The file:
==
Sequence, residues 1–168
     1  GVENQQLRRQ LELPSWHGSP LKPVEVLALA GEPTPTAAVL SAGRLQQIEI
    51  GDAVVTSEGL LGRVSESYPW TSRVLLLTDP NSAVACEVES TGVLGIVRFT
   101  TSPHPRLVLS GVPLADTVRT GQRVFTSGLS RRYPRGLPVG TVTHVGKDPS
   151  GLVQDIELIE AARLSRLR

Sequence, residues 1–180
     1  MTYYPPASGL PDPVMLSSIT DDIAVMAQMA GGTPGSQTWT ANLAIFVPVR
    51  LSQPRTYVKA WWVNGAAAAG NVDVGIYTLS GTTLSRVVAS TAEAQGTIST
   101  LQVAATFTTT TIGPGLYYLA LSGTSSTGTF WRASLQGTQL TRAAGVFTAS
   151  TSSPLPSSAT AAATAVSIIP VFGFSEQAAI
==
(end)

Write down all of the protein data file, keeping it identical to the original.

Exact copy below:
Sequence, residues 1–168
     1  GVENQQLRRQ LELPSWHGSP LKPVEVLALA GEPTPTAAVL SAGRLQQIEI
    51  GDAVVTSEGL LGRVSESYPW TSRVLLLTDP NSAVACEVES TGVLGIVRFT
   101  TSPHPRLVLS GVPLADTVRT GQRVFTSGLS RRYPRGLPVG TVTHVGKDPS
   151  GLVQDIELIE AARLSRLR

Sequence, residues 1–180
     1  MTYYPPASGL PDPVMLSSIT DDIAVMAQMA GGTPGSQTWT ANLAIFVPVR
    51  LSQPRTYVKA WWVNGAAAAG NVDVGIYTLS GTTLSRVVAS TAEAQGTIST
   101  LQVAATFTTT TIGPGLYYLA LSGTSSTGTF WRASLQGTQL TRAAGVFTAS
   151  TSSPLPSSAT AAATAVSIIP VFGFSEQAAI